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Estimation of Cost Pass Through to Michigan Consumers in the ADM Price Fixing Case

  • Ronald W. Cotterill

This report analyzes the economic impact of price fixing in the wet corn milling industry on consumers in the State of Michigan. Two of the companies who produce citric acid have pleaded guilty to fixing its price. In this report we assume that price fixing also occurred among HFCS producers. Given the structure of the corn wet milling industry and the direct purchaser industries, the overcharge is essentially uniform across buyers and selling arrangements. We develop an actual economic model of price transmission based upon the three facts: 1) The overcharge as a percent of the processed product value at wholesale and at retail is small, 2) Fixed proportion technology, and 3) consumers have imperfect information about prices so a small price change has no effect on their purchase behavior. These facts establish that 100 percent or more of the common overcharge will be passed through to consumers. In a more general economic model, we analyze pass through when consumer demand is not perfectly inelastic. For different strategies (profit maximization, sales maximization subject to a target level of profit, and loss leader strategies) and for different market structures (competitive, monopoly, oligopoly), the rate of pass through is 100 percent or greater given certain documented characteristics of the industries in this case. Given the prior points consumer damages are the common overcharges for each commodity times the amount of the commodity sold during the damage period. This is a lower bound estimate of consumer damages because pass through may well be greater than 100%.

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Paper provided by University of Connecticut, Department of Agricultural and Resource Economics, Charles J. Zwick Center for Food and Resource Policy in its series Food Marketing Policy Center Research Reports with number 039.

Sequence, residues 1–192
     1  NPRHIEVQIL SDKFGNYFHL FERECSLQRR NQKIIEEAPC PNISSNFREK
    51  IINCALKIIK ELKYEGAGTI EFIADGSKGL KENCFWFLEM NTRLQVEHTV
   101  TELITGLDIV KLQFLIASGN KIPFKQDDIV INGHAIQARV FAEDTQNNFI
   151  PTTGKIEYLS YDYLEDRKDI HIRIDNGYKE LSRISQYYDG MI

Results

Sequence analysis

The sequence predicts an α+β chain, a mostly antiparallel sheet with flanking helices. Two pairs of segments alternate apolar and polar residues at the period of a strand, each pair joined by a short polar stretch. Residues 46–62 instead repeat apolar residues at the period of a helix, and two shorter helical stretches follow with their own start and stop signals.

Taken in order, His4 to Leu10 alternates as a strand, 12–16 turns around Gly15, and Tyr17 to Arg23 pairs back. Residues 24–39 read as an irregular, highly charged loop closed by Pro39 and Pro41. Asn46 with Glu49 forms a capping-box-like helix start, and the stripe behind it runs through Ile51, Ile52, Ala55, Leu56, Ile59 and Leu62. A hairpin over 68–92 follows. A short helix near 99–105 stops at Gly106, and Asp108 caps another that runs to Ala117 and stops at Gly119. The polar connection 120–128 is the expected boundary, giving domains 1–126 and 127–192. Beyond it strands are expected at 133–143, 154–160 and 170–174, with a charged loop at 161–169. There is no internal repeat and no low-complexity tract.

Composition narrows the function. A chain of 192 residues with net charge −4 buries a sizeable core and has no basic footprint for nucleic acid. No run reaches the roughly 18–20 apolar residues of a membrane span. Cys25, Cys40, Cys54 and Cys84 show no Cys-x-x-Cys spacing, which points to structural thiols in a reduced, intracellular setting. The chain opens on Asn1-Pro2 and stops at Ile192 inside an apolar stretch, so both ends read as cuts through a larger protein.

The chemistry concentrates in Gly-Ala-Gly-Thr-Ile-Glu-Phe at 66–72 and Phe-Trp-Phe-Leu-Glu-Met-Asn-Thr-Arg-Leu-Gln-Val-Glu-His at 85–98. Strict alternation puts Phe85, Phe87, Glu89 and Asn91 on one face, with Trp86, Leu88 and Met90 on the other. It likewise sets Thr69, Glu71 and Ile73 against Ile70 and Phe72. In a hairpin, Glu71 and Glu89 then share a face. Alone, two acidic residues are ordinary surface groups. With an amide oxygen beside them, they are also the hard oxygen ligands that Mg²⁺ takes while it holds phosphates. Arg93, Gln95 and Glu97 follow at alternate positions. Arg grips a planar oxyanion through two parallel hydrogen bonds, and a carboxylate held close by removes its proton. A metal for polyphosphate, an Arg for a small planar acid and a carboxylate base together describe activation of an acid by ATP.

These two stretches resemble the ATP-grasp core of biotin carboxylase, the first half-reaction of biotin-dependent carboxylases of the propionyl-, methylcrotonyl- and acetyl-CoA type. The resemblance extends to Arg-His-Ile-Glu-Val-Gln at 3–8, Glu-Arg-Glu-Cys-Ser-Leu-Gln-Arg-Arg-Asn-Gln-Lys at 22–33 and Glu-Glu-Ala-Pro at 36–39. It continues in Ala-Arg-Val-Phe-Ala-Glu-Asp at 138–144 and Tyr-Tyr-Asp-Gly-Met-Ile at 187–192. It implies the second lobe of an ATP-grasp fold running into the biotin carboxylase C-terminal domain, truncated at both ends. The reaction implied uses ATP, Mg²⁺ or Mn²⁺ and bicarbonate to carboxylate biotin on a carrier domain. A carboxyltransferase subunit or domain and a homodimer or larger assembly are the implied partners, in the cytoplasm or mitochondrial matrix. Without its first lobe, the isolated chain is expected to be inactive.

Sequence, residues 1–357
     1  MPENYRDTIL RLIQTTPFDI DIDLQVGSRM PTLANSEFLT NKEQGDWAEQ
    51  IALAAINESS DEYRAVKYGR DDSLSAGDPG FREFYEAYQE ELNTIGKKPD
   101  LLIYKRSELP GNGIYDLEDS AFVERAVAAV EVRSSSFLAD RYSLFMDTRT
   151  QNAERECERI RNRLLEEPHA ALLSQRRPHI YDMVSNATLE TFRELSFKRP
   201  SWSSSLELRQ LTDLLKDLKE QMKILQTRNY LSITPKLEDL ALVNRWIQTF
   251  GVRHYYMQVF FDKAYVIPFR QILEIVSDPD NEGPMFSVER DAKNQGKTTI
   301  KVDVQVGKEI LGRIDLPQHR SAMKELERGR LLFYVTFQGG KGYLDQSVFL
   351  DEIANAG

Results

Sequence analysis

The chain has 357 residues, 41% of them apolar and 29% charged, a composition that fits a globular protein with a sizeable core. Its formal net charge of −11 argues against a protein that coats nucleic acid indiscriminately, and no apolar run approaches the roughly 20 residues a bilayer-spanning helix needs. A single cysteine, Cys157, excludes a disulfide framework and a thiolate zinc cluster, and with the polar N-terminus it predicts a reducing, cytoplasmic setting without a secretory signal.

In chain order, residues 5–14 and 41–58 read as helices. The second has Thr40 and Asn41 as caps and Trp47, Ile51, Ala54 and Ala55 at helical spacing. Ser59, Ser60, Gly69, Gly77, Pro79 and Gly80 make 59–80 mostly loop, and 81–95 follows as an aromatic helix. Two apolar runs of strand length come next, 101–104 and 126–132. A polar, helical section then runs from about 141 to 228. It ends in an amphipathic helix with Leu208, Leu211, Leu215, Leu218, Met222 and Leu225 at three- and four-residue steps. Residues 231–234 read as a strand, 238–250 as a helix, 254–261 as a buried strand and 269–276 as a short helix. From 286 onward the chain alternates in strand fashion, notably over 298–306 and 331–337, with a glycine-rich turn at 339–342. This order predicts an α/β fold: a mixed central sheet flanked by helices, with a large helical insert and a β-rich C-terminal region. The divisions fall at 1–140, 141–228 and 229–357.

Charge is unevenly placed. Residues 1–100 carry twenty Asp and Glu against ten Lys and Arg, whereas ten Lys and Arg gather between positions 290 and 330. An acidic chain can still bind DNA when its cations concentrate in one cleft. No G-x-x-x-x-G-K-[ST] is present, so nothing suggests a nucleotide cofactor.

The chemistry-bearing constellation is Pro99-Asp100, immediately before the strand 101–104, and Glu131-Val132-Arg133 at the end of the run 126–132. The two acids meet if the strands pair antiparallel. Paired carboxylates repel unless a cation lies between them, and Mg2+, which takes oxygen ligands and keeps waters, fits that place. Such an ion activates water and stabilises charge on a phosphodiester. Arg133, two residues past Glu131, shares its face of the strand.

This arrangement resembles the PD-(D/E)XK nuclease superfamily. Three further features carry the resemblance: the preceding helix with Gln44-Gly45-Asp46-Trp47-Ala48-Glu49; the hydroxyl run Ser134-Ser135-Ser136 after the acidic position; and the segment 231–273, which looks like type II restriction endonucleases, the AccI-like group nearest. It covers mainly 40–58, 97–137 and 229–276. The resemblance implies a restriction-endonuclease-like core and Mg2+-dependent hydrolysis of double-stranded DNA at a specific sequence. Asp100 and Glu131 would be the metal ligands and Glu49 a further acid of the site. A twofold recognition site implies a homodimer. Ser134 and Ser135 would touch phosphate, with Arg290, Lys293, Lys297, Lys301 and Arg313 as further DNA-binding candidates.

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Date of creation: 1998
Date of revision:
Handle: RePEc:zwi:fpcrep:039
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  1. Ronald W. Cotterill & Andrew W. Franklin & Li Yu Ma, 1996. "Measuring Market Power Effects in Differentiated Product Industries: An Application to the Soft Drink Industry," Food Marketing Policy Center Research Reports 032, University of Connecticut, Department of Agricultural and Resource Economics, Charles J. Zwick Center for Food and Resource Policy.
  2. Hay, George A & Kelley, Daniel, 1974. "An Empirical Survey of Price Fixing Conspiracies," Journal of Law and Economics, University of Chicago Press, vol. 17(1), pages 13-38, April.
  3. Cotterill, Ronald W, 1986. "Market Power in the Retail Food Industry: Evidence from Vermont," The Review of Economics and Statistics, MIT Press, vol. 68(3), pages 379-86, August.
  4. Gerstner, Eitan & Hess, James D, 1991. "A Theory of Channel Price Promotions," American Economic Review, American Economic Association, vol. 81(4), pages 872-86, September.
  5. Fraas, Arthur G & Greer, Douglas F, 1977. "Market Structure and Price Collusion: An Empirical Analysis," Journal of Industrial Economics, Wiley Blackwell, vol. 26(1), pages 21-44, September.
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